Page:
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business runs on the cloud... and the cloud runs on intel. ♪ i wonder what the other 2% runs on...(car horn) look, i don't like tweeting. i have other things i could be doing. now if the press were honest, which it's not, i would absolutely not use twitter. uwouldn't have to. >> i don't like tweeting. how is that for creditability? many polls, including the latest nbc news poll finds that huge majorities don't like the way donald trump uses twitter. twitter does seem to fit donald trump's attention span. here is what he said in an interview with axios about how he likes his briefings. quote, i like bullets, or i like as little as possible. i don't need to know, you know, 200 page reports on something that can be handled on a page.
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that i can tell you. and this. i can tell you there is no 200-page report presented to the united states that can be reduced to a page. coming up, president obama will get tonight's last word, and tonight on the 11th hour, brian williams in trump they trust. nicolle wallace interviews trump voters, some of whom also voted for president obama. the urinary. tell your doctor about your medicines, and ask if your heart is healthy enough for sex. do not take cialis if you take nitrates for chest pain, or adempas® for pulmonary hypertension, as this may cause an unsafe drop in blood pressure. do not drink alcohol in excess. to avoid long-term injury, get medical help right away for an erection lasting more than four hours. if you have a sudden decrease or loss of hearing or vision, or an allergic reaction, stop taking cialis and get medical help right away. ask your doctor about cialis.
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a very special last word tonight, the final public words of president barack obama. that's next.
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they don't taste chalky and work fast. mmmm. incredible. can i try? she doesn't have heartburn. alka-seltzer heartburn relief gummies. enjoy the relief. and now an historic last word, president obama's last words today at his press conference, which are likely to be his last words publicly spoken as president of the united states. >> i've been asked -- i had -- i've had some off the right conversations with journalists where they said okay, you seem like you're okay, but really, really, what are you thinking? and i've said no, what i'm saying really is what i think. i believe in this country. i believe in the american people.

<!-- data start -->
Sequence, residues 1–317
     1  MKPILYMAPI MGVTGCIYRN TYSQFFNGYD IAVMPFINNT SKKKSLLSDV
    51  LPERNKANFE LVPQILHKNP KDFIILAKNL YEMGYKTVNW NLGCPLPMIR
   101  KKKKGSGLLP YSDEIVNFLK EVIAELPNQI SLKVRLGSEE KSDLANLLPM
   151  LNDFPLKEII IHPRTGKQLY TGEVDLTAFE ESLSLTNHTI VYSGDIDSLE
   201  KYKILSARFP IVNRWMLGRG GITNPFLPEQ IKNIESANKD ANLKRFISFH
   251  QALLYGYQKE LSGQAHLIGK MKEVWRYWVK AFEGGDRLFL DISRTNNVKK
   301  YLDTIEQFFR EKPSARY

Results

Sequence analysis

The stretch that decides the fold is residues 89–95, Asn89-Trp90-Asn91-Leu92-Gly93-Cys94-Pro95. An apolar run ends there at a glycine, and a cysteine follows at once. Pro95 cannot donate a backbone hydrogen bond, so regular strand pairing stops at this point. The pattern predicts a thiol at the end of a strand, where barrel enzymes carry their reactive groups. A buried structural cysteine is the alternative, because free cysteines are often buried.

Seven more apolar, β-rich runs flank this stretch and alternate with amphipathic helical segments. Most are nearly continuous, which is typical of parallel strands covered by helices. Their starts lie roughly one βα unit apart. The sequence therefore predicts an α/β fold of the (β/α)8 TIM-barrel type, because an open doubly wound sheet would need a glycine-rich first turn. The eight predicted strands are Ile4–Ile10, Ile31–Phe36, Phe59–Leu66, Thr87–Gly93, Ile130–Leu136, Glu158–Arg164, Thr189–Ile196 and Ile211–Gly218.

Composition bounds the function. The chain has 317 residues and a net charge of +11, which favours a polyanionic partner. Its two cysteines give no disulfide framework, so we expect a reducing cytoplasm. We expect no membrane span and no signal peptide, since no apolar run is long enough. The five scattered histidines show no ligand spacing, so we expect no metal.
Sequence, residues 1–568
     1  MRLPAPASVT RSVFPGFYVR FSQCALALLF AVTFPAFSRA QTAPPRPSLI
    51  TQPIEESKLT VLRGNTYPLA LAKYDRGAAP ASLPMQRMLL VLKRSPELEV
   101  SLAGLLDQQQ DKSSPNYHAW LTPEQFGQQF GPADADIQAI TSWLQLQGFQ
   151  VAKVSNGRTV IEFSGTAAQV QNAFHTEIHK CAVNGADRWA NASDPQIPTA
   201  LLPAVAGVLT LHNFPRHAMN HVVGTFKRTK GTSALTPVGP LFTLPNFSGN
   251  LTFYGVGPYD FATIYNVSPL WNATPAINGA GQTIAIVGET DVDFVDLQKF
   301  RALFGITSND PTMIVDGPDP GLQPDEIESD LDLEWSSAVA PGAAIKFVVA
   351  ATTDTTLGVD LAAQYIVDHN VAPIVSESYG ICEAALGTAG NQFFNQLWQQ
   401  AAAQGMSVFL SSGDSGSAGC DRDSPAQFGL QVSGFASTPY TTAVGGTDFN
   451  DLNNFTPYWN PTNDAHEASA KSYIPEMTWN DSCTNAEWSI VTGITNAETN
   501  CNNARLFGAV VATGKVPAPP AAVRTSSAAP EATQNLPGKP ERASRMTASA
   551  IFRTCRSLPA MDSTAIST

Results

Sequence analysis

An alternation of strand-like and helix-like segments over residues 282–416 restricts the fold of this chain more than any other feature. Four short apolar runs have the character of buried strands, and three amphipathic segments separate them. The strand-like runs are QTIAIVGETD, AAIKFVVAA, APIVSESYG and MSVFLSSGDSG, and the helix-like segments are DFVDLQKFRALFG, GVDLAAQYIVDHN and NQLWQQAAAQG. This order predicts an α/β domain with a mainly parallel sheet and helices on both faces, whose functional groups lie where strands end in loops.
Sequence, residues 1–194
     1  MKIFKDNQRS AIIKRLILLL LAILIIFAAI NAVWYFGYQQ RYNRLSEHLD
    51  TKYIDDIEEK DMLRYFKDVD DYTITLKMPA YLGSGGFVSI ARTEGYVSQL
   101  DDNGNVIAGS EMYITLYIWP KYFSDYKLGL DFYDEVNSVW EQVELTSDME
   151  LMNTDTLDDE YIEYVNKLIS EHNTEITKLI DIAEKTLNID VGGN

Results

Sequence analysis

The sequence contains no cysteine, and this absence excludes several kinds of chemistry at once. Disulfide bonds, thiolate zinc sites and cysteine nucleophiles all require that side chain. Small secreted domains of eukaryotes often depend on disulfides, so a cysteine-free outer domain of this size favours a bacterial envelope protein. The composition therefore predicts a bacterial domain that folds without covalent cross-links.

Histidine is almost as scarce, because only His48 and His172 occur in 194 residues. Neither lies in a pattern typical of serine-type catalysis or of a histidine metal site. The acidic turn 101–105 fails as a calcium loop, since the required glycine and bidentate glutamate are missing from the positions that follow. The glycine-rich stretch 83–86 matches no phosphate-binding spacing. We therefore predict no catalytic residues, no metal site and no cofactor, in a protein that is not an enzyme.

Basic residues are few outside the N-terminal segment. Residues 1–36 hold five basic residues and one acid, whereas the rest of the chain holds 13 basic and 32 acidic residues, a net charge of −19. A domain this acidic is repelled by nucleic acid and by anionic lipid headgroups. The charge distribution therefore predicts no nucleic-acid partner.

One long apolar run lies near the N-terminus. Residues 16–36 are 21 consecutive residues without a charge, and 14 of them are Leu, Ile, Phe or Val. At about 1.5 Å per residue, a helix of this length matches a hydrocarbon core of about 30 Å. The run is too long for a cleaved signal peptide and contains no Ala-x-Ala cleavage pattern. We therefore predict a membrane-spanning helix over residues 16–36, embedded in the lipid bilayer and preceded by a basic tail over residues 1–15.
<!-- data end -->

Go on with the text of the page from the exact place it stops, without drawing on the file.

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i believe that people are more good than bad. i believe tragic things happen. i believe there is evil in the world. but i think at the end of the day, if we work hard and if we're true to those things in us that feel true and feel right, that the world gets a little better each time. that's what this presidency has tried to be about. and i see that in the young people i've worked with. i couldn't be prouder of them. and so this is not just a matter of no drama obama. this is what i really believe. it is true that behind closed doors i curse more than i do publicly, and sometimes i get mad and frustrated like everybody else does. but at my core, i think we're going to be okay. we just have to fight for it. we have to work for it and not take it for granted. and i know that you will help us
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do that. thank you very much, press corps. good luck! msnbc's live coverage continues into the 11th hour with brian williams. that's next. the time can now be measured in hours until the inauguration of donald j. trump now facing new questions on the subject of russia and intelligence gathering. the departing 44th president reveals what it would take for him to speak up during a trump presidency and reminds his fellow democrats this is not the end of the world. tonight an unlikely group of voters who delivered the white house to the president-elect. those who went for obama twice and then trump where and how did the democrats lose them and what do they expect from the new guy? plus the latest from houston where the former president and former first lady are both hospitalized.